Observing Volcanic Thermal Anomalies from Space: How Accurate is the Estimation of the Hotspot's Size and Temperature?

Friday, 18 December 2015: 17:30
309 (Moscone South)
Leonie Pick1, Klemen Zaksek1, Valerio Lombardo2 and Matthias KG Hort3, (1)University of Hamburg, Hamburg, Germany, (2)National Institute of Geophysics and Volcanology, Rome, Italy, (3)ZMAW Center for Marine and Atmospheric Sciences, Hamburg, Germany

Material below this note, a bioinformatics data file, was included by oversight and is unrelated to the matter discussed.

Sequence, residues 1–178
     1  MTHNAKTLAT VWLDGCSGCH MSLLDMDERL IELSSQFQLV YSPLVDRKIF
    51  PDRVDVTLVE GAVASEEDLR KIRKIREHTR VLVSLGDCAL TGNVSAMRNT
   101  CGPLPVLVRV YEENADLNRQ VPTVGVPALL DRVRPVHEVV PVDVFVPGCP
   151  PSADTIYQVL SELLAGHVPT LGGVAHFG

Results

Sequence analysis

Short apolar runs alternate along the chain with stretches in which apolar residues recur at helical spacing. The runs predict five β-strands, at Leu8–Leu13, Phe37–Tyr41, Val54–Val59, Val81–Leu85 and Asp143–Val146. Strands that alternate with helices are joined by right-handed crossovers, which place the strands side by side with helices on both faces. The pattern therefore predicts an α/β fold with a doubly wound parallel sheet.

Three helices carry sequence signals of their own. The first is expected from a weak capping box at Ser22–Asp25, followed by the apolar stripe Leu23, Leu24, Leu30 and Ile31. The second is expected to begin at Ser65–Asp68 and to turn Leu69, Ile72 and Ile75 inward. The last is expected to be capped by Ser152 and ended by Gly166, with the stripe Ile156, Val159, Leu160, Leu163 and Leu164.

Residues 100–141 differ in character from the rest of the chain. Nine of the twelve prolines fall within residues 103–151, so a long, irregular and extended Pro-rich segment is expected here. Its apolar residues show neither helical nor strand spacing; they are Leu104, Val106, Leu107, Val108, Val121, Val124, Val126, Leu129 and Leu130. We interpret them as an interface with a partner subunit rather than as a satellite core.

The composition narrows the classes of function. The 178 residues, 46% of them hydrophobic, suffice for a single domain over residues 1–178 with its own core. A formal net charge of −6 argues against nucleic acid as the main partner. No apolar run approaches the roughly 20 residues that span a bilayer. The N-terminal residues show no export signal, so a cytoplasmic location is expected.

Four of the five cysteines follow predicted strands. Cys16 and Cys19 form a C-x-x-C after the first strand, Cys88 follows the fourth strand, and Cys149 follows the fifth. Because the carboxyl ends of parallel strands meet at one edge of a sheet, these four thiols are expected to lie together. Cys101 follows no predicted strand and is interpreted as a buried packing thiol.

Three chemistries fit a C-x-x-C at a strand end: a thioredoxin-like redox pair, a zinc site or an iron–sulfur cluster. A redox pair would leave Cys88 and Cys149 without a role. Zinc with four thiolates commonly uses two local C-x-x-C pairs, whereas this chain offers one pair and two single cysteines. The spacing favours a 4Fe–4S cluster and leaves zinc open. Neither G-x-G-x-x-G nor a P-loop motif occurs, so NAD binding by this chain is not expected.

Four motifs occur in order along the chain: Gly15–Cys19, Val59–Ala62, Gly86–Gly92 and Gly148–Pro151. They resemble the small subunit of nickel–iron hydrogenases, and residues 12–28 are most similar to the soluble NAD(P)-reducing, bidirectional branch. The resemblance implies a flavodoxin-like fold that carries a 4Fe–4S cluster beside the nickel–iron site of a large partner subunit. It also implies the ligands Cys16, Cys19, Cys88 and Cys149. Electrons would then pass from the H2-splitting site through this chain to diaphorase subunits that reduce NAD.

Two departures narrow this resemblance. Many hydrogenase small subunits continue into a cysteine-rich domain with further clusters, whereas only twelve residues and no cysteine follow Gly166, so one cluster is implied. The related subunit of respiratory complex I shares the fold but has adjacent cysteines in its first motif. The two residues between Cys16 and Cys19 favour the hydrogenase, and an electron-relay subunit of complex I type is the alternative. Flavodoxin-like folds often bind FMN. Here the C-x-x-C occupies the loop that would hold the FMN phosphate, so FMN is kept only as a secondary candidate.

Measuring the heat emission from active volcanic features on the basis of infrared satellite images contributes to the volcano's hazard assessment. Because these thermal anomalies only occupy a small fraction (< 1 %) of a typically resolved target pixel (e.g. from Landsat 7, MODIS) the accurate determination of the hotspot's size and temperature is however problematic. Conventionally this is overcome by comparing observations in at least two separate infrared spectral wavebands (Dual-Band method). We investigate the resolution limits of this thermal un-mixing technique by means of a uniquely designed indoor analog experiment. Therein the volcanic feature is simulated by an electrical heating alloy of 0.5 mm diameter installed on a plywood panel of high emissivity. Two thermographic cameras (VarioCam high resolution and ImageIR 8300 by Infratec) record images of the artificial heat source in wavebands comparable to those available from satellite data. These range from the short-wave infrared (1.4–3 µm) over the mid-wave infrared (3–8 µm) to the thermal infrared (8–15 µm). In the conducted experiment the pixel fraction of the hotspot was successively reduced by increasing the camera-to-target distance from 3 m to 35 m. On the basis of an individual target pixel the expected decrease of the hotspot pixel area with distance at a relatively constant wire temperature of around 600 °C was confirmed. The deviation of the hotspot's pixel fraction yielded by the Dual-Band method from the theoretically calculated one was found to be within 20 % up until a target distance of 25 m. This means that a reliable estimation of the hotspot size is only possible if the hotspot is larger than about 3 % of the pixel area, a resolution boundary most remotely sensed volcanic hotspots fall below. Future efforts will focus on the investigation of a resolution limit for the hotspot's temperature by varying the alloy's amperage. Moreover, the un-mixing results for more realistic multi-component target pixel consisting of more than two thermally distinct features should be analyzed.